Born2Care2001: Congratulations on doing a very difficult good thing. I agree about the butts in politics!

      Angela: Welcome to my hubs. Hope you enjoy them. Thanks for commenting.

    • Angela Brummer profile image

      Angela Brummer 

      6 years ago from Lincoln, Nebraska

      I don't know why it is found exceptable to smokers to toss down their butt!

    • Born2care2001 profile image

      Rev Bruce S Noll HMN 

      6 years ago from Asheville NC

      Very well done Kathleen!

      I quit smoking in 1993 after 34 years of a pack and a half a day habit. I've always said I could smoke again today because I enjoyed some of the habit. I just never wanted to have to quit again!!!

      Now, after seeing the information in your hub, I would be mortified at the thought of contributing further to the destruction of the planet.

      If we could only find something constructive to do with turn the filters into the government for recycling.

      Wait a minute; on second thought we already have enough butts in politics!

      Great hub! It makes me happy I made the choice to quit!

    • Mr. Happy profile image

      Mr. Happy 

      6 years ago from Toronto, Canada

      "In Australia, authorities state cigarette butts account for fifty percent of all litter" - That's pretty disgusting ... and I am a smoker.

      I am aware of my cigarette butts. I know that filters do not desintegrate so, I carry them with me. Cigarette packs have a plastic around them, I use that to put butts away and sometimes I'll just put them in the pack until I make it to a garbage - no big deal.

      I also do not smoke with children around. Children tend to like this wolf and by no means would I want them looking up to someone and seeing smoking as being something to do in the future. On the other hand though, smoking is starting to be prohibited even in public places ... hard to be a smoker nowadays. Will I have to go climb a tree and hide in between the branches up high to have a smoke? I can do that too I guess.

      Thanks for bringing awareness to the litter which cigarette butts produce. I do believe smokers should be responsible with their habit, especially when it can affect our environment in so many negative ways.

      All the best!

    • Kathleen Cochran profile imageAUTHOR

      Kathleen Cochran 

      6 years ago from Atlanta, Georgia

      Thanks for the support. Change in this area is long overdue. Fines would be a move in the right direction.

    • RTalloni profile image


      6 years ago from the short journey

      So glad to see this research posted--thanks! Armed with information perhaps people can work together to effect change. Hopefully it will be a common thing to see fines for littering being applied to smokers since the facts prove it is a serious problem.

    • Kathleen Cochran profile imageAUTHOR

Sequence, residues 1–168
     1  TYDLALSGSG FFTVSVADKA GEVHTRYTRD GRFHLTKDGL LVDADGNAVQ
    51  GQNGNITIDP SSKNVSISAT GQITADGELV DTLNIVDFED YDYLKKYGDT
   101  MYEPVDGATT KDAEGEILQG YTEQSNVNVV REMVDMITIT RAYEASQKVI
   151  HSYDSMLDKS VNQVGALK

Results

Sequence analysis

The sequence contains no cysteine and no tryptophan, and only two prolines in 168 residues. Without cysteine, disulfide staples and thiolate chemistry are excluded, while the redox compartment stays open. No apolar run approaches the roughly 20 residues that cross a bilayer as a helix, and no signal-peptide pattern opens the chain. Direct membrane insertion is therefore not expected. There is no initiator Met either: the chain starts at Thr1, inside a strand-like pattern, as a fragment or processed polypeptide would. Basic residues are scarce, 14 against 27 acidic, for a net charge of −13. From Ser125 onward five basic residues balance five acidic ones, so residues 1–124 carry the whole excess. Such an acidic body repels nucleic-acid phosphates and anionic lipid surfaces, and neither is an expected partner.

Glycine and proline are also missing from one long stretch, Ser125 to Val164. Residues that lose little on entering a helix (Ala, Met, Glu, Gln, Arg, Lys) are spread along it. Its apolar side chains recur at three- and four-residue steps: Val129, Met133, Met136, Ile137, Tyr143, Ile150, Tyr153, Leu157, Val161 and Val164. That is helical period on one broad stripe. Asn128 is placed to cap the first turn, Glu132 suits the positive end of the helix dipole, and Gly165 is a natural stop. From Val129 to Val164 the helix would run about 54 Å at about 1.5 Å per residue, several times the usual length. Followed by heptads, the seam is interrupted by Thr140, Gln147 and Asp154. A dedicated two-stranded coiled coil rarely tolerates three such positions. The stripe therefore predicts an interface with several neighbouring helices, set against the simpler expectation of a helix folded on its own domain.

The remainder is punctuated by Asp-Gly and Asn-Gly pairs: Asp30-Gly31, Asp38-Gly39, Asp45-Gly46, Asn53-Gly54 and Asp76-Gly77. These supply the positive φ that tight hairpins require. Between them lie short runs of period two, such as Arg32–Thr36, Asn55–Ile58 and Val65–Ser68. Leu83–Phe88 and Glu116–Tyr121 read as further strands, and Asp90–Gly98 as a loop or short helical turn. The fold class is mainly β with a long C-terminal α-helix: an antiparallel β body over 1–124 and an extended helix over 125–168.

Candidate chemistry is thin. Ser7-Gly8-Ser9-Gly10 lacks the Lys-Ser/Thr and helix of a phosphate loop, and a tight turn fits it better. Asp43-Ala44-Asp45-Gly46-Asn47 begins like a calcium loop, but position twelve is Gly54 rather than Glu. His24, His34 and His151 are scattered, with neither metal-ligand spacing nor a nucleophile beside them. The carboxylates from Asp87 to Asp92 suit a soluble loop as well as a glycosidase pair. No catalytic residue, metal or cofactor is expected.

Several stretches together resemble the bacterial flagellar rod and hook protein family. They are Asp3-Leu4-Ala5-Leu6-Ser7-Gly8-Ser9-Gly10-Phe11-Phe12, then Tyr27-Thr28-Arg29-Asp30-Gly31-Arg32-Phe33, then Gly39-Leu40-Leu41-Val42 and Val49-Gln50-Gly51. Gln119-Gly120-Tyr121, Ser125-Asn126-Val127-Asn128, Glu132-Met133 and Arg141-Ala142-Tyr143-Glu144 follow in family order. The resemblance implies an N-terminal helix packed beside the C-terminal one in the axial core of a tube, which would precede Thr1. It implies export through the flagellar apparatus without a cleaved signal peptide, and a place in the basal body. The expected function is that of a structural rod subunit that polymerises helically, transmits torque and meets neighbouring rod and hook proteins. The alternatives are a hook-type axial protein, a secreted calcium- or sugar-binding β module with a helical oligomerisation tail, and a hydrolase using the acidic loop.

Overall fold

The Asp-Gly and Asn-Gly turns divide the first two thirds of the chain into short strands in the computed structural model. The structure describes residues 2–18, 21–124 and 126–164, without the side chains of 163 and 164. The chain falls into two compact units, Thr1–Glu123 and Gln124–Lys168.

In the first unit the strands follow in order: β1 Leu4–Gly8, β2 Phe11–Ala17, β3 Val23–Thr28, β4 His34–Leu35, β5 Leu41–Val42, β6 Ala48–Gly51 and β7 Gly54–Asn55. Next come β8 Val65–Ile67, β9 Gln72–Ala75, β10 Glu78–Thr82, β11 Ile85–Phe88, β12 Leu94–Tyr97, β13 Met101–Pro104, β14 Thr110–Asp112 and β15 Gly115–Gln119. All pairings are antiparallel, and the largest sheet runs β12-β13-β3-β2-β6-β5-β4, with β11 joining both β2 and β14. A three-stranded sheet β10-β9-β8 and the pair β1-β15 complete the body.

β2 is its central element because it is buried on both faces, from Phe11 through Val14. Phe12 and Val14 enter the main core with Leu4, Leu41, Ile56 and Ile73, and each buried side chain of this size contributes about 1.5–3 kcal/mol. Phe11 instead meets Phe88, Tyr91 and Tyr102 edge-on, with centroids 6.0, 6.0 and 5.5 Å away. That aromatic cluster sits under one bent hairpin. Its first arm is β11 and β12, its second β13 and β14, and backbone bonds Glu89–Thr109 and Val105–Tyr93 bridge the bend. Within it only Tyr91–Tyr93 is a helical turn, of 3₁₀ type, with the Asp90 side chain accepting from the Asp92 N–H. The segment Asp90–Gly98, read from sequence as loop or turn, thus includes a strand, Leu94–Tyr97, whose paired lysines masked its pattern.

Kathleen Cochran 

      6 years ago from Atlanta, Georgia

      phdast7: As usual, thanks for being such a loyal student of my work. For this hub, there was so much research on the subject, it even surprised me. Every time I see someone flick a butt out a car window I want to honk at them. Probably shouldn't do that, but once you see the facts on the subject it makes you aware of how serious the problem is. Thanks for the comments.

    • phdast7 profile image

      Theresa Ast 

      6 years ago from Atlanta, Georgia

      Kathleen - An important essay and very well written. I knew cigarettes butts were a problem, but I had no idea how big an environmental problem they were. I also didn't know that when they finally degrade that toxins were released into the environment. Such a little thing multiplied by millions users becomes such a huge problem. Thank you for bringing this to our attention. This is an very well written and researched Hub. Sharing.

    • Kathleen Cochran profile imageAUTHOR

      Kathleen Cochran 

      6 years ago from Atlanta, Georgia

      Thanks so much for your interest and for the link. Interesting solution. It's one of those "if we can put a man on the moon" problems that begs a solution!

    • Winsome profile image


      6 years ago from Southern California by way of Texas

      Hi KC, I read your limit campaign advertising, your "promiscuous hubbing" and this one to get to know your writing and I like the way you think. I had no idea that butts were so pernicious. You might enjoy this guy's goal:

      Volunteers in NY are storing theirs on Staten Island until someone comes up with a viable recycling program. It gives new meaning to the harbor's welcome--"Give me your tired, your poor, the wretched refuse of your teaming shores (and highways where it makes up 38% of roadside litter) your huddled masses yearning to be recycled." My question is: Why don't they just come up with a biodegradable filter? =:)